Sharpening the saw for boom timeBy Isabel Berenguer Asuncion
Philippine Daily Inquirer
Last week, United Architects of the Philippines, Makati Greenbelt Chapter, held the first of its series of “ArchitectTalks,” a discussion with actively practising and established architects and designers sharing their experiences to the rest of the chapter members in a “talk show” format. The thrust of the activity is to mentor the younger generation of architects through the sharing of valuable experiences and insights.
I sat as part of the first batch of architects, together with my colleagues in the industry, architects Bong Zuñiga and Conrad Onglao. Bong runs his own firm doing largely exterior and interior architectures for banks and corporate accounts. Conrad, on the other hand, does mostly high-end residential and hospitality projects. I probably sit in between the two, doing both.
Among the many discussions and occasional “aha” moments, was the subject of professionalism in the industry vis-á-vis the earning capacity of a design professional, and the credit and recognition from the clients, whether in the form of trust and confidence, or translated into the appropriate financial compensation.
You see, many international publications have noted that architects are one of the lowest paid white-collar professions, which is the reality and very much the opposite of the fantasy version often portrayed in movies of the young, dapper architect—living in a beautiful modern home, driving an expensive car and running his own design enterprise. Well, in America maybe.
Long gestation period
The painful truth about the design professions, in this case architecture, is the long gestation period for learning and maturity. Much like the other professionals, the knowledge of technical issues and the wisdom in dealing with problems come largely through experience—and age.
But unlike doctors and lawyers, architects and designers are in the lower rung of the pay spectrum, and this is common all over the world. In the United States for example, the recession that hit a few years back has caused architectural firms to rollback pay to their architects, who in either disillusion or desperation, have moved on to other professions that pay better. In a few years, a recovering America will have a shortage of architects but this situation will not guarantee that the architects will finally get a bigger piece of the pay pie.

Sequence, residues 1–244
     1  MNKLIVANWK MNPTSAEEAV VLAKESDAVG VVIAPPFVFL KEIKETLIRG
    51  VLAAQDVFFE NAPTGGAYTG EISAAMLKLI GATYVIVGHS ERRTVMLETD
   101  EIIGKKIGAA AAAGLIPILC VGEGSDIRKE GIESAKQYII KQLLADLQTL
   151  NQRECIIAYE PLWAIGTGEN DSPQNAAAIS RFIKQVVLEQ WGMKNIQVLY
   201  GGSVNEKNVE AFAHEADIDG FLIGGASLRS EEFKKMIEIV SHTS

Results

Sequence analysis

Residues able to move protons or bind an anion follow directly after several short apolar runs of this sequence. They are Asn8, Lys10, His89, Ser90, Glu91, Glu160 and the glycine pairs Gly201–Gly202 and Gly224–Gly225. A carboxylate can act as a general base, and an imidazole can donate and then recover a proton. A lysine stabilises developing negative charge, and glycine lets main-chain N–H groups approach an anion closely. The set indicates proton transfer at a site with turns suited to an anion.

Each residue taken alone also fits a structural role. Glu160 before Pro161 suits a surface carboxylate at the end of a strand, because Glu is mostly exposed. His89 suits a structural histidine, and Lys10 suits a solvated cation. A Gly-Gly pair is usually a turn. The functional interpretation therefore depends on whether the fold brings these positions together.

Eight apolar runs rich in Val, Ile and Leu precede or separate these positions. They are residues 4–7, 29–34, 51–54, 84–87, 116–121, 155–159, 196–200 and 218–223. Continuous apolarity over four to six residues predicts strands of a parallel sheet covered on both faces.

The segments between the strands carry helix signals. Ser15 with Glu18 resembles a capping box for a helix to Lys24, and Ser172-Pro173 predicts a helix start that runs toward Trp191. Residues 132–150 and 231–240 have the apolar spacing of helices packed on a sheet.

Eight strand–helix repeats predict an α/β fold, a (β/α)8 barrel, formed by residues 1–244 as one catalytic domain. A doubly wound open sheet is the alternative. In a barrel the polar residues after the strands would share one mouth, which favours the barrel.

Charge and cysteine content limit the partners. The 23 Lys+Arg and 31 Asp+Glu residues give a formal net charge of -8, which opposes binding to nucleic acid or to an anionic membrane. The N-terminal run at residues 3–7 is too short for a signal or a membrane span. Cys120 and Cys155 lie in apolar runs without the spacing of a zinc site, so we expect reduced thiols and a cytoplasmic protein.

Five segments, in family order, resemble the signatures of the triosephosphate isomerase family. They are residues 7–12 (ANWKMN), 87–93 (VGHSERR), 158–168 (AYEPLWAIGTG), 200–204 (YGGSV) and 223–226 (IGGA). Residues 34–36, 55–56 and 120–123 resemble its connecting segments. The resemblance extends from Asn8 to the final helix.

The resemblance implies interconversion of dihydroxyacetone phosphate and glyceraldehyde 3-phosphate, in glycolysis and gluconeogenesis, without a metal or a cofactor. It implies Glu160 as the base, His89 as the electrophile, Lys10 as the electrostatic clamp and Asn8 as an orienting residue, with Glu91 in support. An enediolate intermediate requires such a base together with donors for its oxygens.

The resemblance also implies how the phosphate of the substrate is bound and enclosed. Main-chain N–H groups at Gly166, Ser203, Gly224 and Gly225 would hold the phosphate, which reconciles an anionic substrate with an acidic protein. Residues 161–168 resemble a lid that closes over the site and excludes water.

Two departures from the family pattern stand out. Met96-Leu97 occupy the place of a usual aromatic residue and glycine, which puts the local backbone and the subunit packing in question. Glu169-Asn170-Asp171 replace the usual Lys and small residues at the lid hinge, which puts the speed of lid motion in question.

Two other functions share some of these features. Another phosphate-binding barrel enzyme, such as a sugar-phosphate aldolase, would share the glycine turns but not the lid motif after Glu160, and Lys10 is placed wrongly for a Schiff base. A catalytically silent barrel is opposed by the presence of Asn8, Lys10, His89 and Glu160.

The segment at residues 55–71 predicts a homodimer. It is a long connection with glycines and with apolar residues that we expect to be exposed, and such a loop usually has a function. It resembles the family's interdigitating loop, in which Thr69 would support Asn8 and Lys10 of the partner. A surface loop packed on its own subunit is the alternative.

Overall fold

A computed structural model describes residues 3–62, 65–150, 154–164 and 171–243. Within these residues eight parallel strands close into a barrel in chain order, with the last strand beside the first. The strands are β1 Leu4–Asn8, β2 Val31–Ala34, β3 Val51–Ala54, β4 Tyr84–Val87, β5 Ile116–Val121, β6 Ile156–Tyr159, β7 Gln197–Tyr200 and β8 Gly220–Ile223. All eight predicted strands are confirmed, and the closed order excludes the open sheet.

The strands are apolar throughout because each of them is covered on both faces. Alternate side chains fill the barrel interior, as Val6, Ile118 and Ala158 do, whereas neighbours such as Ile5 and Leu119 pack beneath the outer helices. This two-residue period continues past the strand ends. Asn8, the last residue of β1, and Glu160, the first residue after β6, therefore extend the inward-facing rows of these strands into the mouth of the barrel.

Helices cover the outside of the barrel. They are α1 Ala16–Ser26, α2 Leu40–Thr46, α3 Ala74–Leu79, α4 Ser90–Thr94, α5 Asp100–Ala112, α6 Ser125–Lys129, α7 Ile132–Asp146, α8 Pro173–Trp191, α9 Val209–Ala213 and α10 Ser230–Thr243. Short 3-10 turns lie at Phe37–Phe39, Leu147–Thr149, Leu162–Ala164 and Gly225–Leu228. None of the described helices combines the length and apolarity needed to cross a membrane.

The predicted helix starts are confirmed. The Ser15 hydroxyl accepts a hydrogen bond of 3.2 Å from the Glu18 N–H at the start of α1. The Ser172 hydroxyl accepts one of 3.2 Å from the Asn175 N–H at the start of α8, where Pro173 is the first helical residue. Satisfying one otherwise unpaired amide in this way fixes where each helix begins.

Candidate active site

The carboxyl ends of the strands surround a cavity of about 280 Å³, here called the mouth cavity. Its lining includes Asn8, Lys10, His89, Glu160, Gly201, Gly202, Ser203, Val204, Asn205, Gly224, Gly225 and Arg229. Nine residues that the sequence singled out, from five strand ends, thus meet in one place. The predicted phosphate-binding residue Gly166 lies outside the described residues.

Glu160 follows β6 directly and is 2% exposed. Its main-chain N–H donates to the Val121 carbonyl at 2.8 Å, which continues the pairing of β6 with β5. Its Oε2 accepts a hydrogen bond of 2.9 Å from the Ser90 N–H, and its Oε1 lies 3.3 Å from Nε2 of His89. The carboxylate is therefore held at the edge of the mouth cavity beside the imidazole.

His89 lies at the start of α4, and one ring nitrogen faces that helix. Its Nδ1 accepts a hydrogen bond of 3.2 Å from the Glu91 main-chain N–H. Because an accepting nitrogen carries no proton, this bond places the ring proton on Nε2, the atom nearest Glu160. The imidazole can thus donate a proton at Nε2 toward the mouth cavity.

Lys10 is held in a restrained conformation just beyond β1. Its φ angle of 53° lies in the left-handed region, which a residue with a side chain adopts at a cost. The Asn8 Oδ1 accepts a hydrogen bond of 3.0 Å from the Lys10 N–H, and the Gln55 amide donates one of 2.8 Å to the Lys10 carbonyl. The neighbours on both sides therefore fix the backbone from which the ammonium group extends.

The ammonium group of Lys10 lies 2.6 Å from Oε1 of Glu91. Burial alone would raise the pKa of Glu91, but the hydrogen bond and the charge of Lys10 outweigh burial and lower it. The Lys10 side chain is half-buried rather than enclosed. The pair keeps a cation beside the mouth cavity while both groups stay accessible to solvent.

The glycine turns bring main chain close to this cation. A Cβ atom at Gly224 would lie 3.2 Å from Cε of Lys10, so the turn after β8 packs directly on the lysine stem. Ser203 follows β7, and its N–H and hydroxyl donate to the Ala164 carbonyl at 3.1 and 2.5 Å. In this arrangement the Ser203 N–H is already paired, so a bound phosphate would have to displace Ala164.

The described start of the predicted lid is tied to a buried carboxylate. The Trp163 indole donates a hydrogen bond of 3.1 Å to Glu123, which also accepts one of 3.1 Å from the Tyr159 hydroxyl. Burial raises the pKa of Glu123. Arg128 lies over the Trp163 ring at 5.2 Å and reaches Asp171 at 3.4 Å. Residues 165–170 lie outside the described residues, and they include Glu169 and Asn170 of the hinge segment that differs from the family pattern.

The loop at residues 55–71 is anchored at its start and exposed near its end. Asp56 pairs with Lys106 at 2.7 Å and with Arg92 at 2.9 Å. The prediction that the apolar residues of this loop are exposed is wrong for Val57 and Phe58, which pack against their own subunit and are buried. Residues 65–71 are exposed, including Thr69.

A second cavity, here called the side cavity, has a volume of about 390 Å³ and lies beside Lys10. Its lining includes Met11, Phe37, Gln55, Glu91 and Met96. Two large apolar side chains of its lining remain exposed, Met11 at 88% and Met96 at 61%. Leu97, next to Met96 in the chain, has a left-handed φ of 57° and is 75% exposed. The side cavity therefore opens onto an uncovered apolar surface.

But as Asia’s new “tiger,” how do our design professionals prepare to take a piece of our economic prosperity pie? Between 1986 and today, we’ve only had building boom which went bust very quickly due to the 1997 Asian crisis.
For the next few years, volumes of malls, office blocks and condominium buildings will be rising over Metro Manila at an unprecedented rate—not to forget all their interior spaces that will need to be designed and fitted out. Cities like Cebu, Davao and Bacolod are beginning to have their share of large-scale commercial, medical and multi-use developments, coupled with resorts, hotels and the transport hubs that will make them accessible.
Unlike the predominantly first-world western practices, our local architects and designers have had little experience with large-scale projects, especially in terms of technical innovation and expertise on new problems like waste management, traffic patterns, building envelope (or building skin) design and the seamless application of the many new products and technologies.
Yes, the local scene has been moving on to large-scale developments, but only with a handful of architects and designers who have somehow managed to fuse design flair with the technical know-how in delivering not just pretty pictures, but the painstakingly assembled drawings as well. Concepts are one thing, but technical information is another ball game all together and is possibly the true test of whether the professional is deserving of a title.
Venue for training
In the case of our dear Philippines, we need a venue to train our young architects: whether they move abroad and come back to share acquired knowledge, work locally for production BPOs or labor in our local design offices. The latter is the least rewarding in the financial sense, but offers the best opportunities for learning within the local context.
The growth and ripening into this profession, which requires an extensive understanding of human behavior, technical know-how and the ability to translate all this into tangible products, is going to be slow and painful. Factoring in that many developers hire foreign architects and designers for marketing purposes, makes it doubly hard to find the platform for a steadily growing and professionally advancing design industry.
I’ll end with an invitation to our veteran and practising design professionals to step up the ante and mentor, teach, coach and train the younger generations to be even better than they ever were, and for the young ones to seize every opportunity to polish their rough edges. And to my dear Philippines, please give the local talents a chance to shine.
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